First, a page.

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Casks in Delaware County

February 2001

By Gary Monterosso

Look up the word "esoteric" in your Merriam-Webster and it would say, "limited to a small circle." Perhaps no where is this truer than in the Garden State where cask conditioned ales, frequently referred to as "real ales," are enjoying much success in the north, but have had limited exposure in the south.

Part of the reason for this deals with the demographics of the state of New Jersey and the locations of the breweries, brewpubs and great beer bars. The Garden State Craft Brewers Guild's map of member breweries shows the majority of businesses situated from Trenton and above. Combined with the closing or change of venue of two brewpubs in the south, Kokomo's and Cedar Creek, that part of the state is left with just one brewery (Blue Collar) and one brewpub (Tun Tavern), neither of which is producing real ales. Somewhat farther north, Flying Fish is active in making selected ales available on cask to a limited number of locations.

Fish's president and founder Gene Muller explained, "At one time or another, we can make our entire lineup of beers available on cask. We sell to those places where we know they will handle the beer properly."

One of those locations arguably is one of the finest taverns to be found anywhere in the state: Andy's Corner Bar, in Bogota, located in the extreme northern part of New Jersey.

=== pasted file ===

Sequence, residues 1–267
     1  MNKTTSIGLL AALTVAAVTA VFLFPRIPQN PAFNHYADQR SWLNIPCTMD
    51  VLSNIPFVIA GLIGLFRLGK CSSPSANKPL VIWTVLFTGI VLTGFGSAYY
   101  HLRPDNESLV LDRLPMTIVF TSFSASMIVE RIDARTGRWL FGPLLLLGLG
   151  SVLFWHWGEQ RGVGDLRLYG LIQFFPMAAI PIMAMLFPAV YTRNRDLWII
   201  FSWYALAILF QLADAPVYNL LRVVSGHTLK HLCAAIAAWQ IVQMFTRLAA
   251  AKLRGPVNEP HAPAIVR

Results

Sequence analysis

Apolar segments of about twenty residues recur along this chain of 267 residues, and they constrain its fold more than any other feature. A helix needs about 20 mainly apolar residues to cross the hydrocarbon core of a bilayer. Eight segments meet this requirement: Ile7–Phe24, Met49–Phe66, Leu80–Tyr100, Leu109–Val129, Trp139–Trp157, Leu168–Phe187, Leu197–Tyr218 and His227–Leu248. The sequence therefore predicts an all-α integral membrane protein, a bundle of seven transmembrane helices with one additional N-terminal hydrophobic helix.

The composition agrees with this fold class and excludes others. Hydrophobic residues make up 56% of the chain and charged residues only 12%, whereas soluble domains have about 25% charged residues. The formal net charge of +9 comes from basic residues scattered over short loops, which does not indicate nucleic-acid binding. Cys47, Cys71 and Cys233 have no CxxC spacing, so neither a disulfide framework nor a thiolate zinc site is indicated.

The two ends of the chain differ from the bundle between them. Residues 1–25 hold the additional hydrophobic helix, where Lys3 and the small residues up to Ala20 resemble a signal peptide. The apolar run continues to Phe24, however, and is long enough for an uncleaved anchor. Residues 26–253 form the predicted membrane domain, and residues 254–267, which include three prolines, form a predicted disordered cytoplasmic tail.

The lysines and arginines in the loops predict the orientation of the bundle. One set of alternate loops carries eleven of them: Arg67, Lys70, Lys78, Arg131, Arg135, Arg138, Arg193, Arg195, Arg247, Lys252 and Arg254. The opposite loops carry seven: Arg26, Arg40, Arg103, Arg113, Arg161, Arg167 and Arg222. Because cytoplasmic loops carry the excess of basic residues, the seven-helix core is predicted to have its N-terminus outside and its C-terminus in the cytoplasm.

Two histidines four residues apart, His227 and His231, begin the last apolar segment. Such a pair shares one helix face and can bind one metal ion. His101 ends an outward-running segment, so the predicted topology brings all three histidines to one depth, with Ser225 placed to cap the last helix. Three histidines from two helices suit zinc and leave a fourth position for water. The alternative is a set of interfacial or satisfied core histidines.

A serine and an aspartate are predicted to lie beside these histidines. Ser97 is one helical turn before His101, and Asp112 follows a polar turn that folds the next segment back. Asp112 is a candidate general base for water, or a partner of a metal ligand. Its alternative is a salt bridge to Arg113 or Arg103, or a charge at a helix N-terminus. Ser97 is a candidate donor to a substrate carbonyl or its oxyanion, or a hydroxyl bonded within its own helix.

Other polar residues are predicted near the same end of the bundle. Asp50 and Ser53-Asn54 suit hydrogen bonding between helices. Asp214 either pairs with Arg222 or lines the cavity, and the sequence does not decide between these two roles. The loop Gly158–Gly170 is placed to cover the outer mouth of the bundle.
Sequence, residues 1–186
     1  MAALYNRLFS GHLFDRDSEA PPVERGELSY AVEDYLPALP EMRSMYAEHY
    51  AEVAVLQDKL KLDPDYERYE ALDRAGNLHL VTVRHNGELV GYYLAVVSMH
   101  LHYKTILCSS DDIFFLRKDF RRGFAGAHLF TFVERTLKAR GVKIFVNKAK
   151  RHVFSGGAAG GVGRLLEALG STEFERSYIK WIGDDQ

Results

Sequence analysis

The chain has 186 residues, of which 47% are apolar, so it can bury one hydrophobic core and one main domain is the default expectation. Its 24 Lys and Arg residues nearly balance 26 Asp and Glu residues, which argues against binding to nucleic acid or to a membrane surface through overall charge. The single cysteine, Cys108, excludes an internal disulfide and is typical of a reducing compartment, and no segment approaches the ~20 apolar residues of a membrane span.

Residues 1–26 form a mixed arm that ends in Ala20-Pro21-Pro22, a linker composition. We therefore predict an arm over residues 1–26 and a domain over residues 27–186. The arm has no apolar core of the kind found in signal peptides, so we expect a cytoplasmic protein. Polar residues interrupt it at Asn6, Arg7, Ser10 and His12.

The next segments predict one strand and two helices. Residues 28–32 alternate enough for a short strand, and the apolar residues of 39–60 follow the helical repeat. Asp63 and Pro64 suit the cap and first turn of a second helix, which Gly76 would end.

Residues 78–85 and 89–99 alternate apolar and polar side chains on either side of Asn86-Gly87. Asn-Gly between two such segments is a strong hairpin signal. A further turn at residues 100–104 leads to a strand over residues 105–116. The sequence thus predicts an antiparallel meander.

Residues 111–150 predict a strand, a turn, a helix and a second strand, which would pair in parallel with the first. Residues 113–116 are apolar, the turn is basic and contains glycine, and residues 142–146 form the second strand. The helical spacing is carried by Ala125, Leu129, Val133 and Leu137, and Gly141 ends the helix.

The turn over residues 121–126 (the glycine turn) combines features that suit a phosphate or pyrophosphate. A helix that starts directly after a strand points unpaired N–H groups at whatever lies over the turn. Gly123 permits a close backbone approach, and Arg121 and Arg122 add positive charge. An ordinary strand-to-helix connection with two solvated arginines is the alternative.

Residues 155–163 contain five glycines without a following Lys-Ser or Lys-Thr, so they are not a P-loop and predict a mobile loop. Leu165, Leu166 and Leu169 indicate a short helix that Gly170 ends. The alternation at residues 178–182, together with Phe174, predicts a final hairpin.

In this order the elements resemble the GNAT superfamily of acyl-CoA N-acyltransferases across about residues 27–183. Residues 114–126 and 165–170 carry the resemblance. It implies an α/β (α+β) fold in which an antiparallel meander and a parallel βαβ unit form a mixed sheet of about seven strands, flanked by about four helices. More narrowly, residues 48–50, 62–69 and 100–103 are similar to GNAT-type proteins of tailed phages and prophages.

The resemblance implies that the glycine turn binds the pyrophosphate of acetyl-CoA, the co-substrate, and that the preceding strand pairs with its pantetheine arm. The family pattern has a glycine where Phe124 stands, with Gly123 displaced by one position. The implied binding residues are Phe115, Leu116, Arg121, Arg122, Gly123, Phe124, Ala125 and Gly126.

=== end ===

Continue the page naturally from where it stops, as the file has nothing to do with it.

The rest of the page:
George Gray of Andy's explained his secret in promoting cask ales by saying, "We have a well trained staff who know beer. We are beer geeks but we have customers who are even bigger beer geeks. We regularly have 10 beers on tap, including a couple of casks which move well. Andy's tries to have beers from Climax, Flying Fish, Heavyweight and, on occasion, Brooklyn."

Old Bay Restaurant in New Brunswick is one of the top beer bars in the area, having 22 beers on tap, including cask offerings from Climax and Heavyweight, among others. The decision to install their two engines was easy, according to manager Kevin Williams: "We are one of the better beer bars so it was a progression to put in casks. We debut them on Wednesday, assuring us of having some for our customers for the weekend. Our sales are steady."

Also in New Brunswick is Harvest Moon Brewery and Cafe. Their brewer, Barry Holsten, reports his cask sales are "doing fine. There always is the process of educating the customer but I find people are looking for something new and different. They want something more specialized, more eclectic. I see a new resurgence in this industry."

From a brewer's point of view, making some products available on cask is a way to experiment a bit. Ocean Township's Heavyweight Brewing has, in its young (about a year and a half) history gained a niche as producers of unique and "big" beers. Owner and brewer Tom Baker said, "I recently took my Baltus (O.V.S. "Our Very Special," merged with turbinado sugar) and set aside some for cask to a few of our outlets. I added some orange zest and a little coriander to it. I got to try some recently at Andy's Corner Bar and liked how it came out. At one time or another, I'll cask everything we make."